We are looking at the rest of chapter 11, from verse 15 and we are following on from the two witnesses. This section, in my mind, supports the conclusion made about who, or what, the two witnesses represent - the church! It doesn't necessarily prove or disprove either way, but upon reading the full chapter together, we get a better sense that the two witnesses represent the church age and our purpose until Jesus comes again. That is to witness to the ungodly world. And it's at the blowing of the 7th trumpet that we see this will happen.
Trumpets are often associated with the ascension of kings to their thrones (1 Kings 1:34-41, 2 Kings 9:13), and so it is here. The Good News that King David's kingdom will be forever and ever. God's promise to King David (the Davidic covenant) has been fulfilled through Jesus Christ. We see here God's final triumph over the empire - the ungodly world.
We see reference to God's eternity and omnipotence:
“We give thanks to you, Lord God Almighty, the One who is and who was, because you have taken your great power and have begun to reign. (Revelation 11:17)
Then comes the vindication. What the saints have been waiting for. God's wrath comes, the time of judgement. When His people, both great and small will be rewarded. This term is used over 40 times in the Old Testament to describe, 'everyone' - all of the saints. This is where it ties back to the two witnesses, "your servants the prophets". Again a term heavily used (some 20 times). Linking the saints with faithful witness of God's holy name.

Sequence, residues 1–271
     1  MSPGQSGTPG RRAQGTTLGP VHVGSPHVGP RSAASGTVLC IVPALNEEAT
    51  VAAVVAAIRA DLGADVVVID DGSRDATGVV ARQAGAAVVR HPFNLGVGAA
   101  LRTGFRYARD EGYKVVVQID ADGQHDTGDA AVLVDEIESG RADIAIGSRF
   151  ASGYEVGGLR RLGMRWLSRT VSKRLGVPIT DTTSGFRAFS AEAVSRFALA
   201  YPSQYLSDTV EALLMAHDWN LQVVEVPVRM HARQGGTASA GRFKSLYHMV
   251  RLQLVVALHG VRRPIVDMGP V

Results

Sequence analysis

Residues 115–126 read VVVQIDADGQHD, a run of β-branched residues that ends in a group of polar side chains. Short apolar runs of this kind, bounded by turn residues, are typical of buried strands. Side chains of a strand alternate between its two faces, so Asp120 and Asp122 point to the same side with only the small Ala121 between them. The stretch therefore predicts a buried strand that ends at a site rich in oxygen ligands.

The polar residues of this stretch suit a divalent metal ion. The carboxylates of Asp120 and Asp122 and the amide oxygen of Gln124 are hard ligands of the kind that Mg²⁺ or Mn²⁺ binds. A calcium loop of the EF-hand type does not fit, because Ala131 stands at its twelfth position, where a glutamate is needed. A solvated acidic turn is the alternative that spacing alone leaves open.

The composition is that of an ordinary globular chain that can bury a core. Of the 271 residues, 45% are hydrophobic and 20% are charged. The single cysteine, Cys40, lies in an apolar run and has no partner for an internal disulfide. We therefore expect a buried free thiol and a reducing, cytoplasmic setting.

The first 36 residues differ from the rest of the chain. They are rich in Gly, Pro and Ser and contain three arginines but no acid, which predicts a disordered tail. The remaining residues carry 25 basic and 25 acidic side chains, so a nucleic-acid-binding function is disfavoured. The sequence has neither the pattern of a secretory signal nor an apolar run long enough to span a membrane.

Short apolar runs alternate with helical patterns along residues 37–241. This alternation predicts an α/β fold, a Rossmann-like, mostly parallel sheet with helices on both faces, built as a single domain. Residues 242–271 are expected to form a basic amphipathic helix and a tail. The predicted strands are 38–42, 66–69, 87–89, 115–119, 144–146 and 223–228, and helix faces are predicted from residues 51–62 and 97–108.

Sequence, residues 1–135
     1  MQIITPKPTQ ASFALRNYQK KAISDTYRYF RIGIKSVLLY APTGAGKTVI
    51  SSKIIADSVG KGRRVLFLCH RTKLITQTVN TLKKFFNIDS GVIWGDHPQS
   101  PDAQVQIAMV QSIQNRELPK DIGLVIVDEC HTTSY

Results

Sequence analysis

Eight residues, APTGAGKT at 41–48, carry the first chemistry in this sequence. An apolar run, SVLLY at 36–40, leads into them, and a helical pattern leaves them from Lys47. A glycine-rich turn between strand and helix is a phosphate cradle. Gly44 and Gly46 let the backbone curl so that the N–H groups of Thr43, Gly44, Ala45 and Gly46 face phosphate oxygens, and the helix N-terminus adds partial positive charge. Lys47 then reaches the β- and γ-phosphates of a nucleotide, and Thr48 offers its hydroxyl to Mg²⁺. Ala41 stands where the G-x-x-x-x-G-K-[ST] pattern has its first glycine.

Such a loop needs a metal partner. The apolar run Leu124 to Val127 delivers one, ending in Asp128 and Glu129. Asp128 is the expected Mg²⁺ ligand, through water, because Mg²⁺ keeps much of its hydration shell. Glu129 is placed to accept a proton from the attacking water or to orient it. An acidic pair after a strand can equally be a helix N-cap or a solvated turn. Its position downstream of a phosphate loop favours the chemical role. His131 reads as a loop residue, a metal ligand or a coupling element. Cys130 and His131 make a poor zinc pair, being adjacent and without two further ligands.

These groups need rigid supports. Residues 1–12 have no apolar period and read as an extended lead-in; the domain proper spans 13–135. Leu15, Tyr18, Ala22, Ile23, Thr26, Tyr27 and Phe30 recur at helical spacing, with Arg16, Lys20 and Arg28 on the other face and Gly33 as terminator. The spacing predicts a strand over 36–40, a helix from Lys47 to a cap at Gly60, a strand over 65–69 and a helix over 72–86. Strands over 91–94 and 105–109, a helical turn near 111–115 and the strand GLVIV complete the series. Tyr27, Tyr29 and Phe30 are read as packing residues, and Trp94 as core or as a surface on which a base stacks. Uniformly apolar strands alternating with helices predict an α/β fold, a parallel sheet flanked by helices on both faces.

Now we see a verse that gets used (often out of context) by Christian climate control activists, "destroying those who destroy the earth". Now, I'm not advocating either way, and I personally lean heavily on us being called to be God's stewards of the environment, both its beauty and natural resources. But this can raise a question around our view of the result once New Jeruselum comes, where God will restore the earth for His people. Does this mean we can ruin the planet because, well, it's going to be restored anyway? As I say, I believe we are to steward what we have, given to us by God. However, it raises good thinking questions, challenging what we believe.
Either way, this verse probably points back to many Old Testament prophets, who advocated, (on God's behalf) to care for the widow and the orphan. We destroy the earth through poor relationships and through poor social justice ethics. Far more damaging is God's people's apathy towards others.
We close with a view of the temple in heaven, again, helping us to see last week's conversation as figurative rather than literal. The Temple mentioned early in this chapter not being a physical temple. We see the Ark of the covenant, and we see the weather not unlike what was seen at Mount Sinai when the 10 commandments, (God's law), were handed to Moses and the Israelites. Something big is happening or about to happen.
But for today know... God has triumphed, we are His faithful people and we will be His witnesses to the ungodly world until Jesus comes again.